She helped staff on site to send images back and forth with the office, allowing speedier decision making. However, this change led to some staff losing their jobs. “This was a formative moment for me, and made me think about the ethics of technology, and the need for responsible research and innovation.”

Monika later got involved in a project looking at emergency response and people’s reaction to floods and wildfires. Her research on ‘crisis informatics’ considered how citizens and emergency professionals use digital media to share information during disasters. This led Monika and her research team to create a knowledge exchange platform and a board game that help practitioners explore how innovations can best be used to share information in emergency situations.

Considering the ethics of electric vehicles

Monika worked as a research fellow for about a decade, got involved in several EU projects and travelled around the world, spending time at other universities. She then re-joined Lancaster as a lecturer in sociology and expanded her focus to transport, joining the Centre for Mobilities Research.

“I’ve been working on the social side of innovation for a long time, looking at how to make technologies good for people and society.” But she recognises too that technologies which help individuals (such as private electric cars) may not be of great benefit to society as a whole, due to the use of depleting natural resources such as lithium. So she started to explore the potential for deploying smaller electric vehicles, shared vehicles or electric car clubs.

Micro mobility solutions such as electric scooters are an area of interest for Monika. But she is also mindful that their deployment in cities can cause problems, such as when they are abandoned in unsuitable locations.

Electric cars and scooters may be ‘technology ready’ but, she points out, “there is currently no means of saying they are ‘society ready’. This is one area where I hope the societal readiness framework will help, allowing local authorities to specify that a project needs a high societal readiness level before issuing a tender. If developers use our platform, they might come out with a higher score too.”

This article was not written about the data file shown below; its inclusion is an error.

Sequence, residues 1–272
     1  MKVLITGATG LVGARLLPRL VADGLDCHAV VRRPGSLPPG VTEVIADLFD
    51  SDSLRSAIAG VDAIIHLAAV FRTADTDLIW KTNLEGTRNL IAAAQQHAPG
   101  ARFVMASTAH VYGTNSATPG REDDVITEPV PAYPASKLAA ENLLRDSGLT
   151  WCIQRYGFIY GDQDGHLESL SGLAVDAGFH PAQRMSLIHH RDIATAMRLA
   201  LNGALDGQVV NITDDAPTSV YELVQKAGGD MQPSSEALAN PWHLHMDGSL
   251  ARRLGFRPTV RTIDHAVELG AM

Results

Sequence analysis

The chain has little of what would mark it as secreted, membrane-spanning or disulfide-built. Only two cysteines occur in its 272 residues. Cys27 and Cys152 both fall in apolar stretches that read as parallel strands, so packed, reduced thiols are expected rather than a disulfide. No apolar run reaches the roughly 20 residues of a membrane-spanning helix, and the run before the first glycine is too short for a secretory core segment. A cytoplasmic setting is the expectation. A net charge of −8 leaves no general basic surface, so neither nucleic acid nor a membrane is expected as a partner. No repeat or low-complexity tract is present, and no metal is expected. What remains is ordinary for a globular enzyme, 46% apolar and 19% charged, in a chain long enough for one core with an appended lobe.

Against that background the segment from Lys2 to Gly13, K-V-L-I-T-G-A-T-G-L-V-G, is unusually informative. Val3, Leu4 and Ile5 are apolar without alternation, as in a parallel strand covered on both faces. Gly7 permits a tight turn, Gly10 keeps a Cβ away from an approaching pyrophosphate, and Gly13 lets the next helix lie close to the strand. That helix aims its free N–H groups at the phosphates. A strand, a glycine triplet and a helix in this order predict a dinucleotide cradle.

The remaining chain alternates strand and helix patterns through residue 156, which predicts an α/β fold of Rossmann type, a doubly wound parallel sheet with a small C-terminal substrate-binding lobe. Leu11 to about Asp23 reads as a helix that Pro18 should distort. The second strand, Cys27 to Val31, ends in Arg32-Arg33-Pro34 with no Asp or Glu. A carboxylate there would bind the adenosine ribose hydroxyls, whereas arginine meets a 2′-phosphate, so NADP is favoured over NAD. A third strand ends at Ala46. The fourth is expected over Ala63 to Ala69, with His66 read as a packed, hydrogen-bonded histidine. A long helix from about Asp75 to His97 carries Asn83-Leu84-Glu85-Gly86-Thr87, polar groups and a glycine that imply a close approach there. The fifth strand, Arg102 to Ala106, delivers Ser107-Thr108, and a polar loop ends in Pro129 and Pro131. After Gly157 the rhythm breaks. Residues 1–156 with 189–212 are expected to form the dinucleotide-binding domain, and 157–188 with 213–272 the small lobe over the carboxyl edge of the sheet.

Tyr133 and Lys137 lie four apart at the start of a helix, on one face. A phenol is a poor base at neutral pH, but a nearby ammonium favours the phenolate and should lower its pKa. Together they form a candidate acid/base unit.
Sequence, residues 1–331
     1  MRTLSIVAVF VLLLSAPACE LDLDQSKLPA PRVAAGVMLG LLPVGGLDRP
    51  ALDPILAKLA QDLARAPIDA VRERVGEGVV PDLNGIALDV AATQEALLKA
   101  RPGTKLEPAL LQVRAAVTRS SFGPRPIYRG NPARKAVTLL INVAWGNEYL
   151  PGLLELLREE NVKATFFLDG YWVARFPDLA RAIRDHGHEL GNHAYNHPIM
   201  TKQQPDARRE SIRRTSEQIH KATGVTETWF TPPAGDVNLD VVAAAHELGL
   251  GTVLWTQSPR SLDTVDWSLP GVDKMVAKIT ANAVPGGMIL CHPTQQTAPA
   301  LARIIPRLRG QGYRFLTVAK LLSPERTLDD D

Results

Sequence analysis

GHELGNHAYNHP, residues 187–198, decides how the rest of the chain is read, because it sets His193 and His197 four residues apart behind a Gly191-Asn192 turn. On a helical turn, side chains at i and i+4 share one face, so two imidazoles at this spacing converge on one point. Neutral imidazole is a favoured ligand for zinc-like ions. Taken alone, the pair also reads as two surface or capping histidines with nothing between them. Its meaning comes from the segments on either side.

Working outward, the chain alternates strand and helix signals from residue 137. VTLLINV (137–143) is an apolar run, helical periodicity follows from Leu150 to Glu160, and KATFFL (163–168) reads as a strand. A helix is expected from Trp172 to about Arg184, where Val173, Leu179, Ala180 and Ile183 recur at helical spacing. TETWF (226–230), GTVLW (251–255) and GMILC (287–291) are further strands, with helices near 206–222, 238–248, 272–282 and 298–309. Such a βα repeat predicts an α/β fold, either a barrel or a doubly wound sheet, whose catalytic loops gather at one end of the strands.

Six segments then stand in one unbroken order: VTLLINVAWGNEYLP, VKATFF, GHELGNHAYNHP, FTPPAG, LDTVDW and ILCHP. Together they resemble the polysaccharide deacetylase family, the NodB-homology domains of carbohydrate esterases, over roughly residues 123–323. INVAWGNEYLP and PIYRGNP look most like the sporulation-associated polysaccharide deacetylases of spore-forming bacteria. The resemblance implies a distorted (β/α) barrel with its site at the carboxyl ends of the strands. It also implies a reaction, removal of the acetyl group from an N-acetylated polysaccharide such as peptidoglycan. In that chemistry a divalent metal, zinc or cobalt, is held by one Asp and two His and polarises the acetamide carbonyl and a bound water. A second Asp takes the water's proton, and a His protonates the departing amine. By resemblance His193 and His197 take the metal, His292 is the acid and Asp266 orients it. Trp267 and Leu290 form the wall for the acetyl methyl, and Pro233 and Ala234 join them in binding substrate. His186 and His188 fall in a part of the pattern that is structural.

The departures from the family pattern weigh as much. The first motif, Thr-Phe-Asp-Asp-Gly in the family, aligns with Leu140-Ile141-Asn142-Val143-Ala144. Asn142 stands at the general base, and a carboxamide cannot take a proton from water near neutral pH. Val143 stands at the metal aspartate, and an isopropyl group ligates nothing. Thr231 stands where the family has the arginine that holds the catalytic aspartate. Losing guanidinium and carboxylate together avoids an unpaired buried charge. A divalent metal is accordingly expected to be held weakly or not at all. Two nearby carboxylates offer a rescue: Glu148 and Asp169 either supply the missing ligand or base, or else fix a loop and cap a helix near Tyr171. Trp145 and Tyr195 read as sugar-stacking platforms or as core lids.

Societal need often “comes last on an agenda” but having a more formalised process such as her assessment framework could, she adds, “be really powerful”.

Making worthwhile connections

Monika got involved with Connected Places Catapult several years ago to discuss responsible innovation and user-centred design. “I have found it really inspiring to work with the Catapult, and its industry connections have helped to open up new pathways for me. I’ve already met some businesses who have told me they would like to do a societal readiness assessment.”

One is a group called the Zero Carbon Cumbria Partnership, which is pushing forward on the county’s plan to be net zero by 2037. Monika is working with them on how to think about future scenarios that place less emphasis on private vehicles and can address challenges in the Lake District, such as car dependency and economic inequality.

“There needs to be a more diversified mobility system in the area, with more focus on public or active travel and the potential for people to use folding bicycles or shared bikes,” she says. “Areas like National Parks would certainly benefit from a look at societal readiness.”

Monika says that a successful outcome for her in a few years would be for societal readiness scores to be widely embedded in procurement processes involved in taking forward carbon cutting transport initiatives. “That would be a real lever for better innovation.”


To be alerted about future opportunities at Connected Places Catapult, join our Academic Network.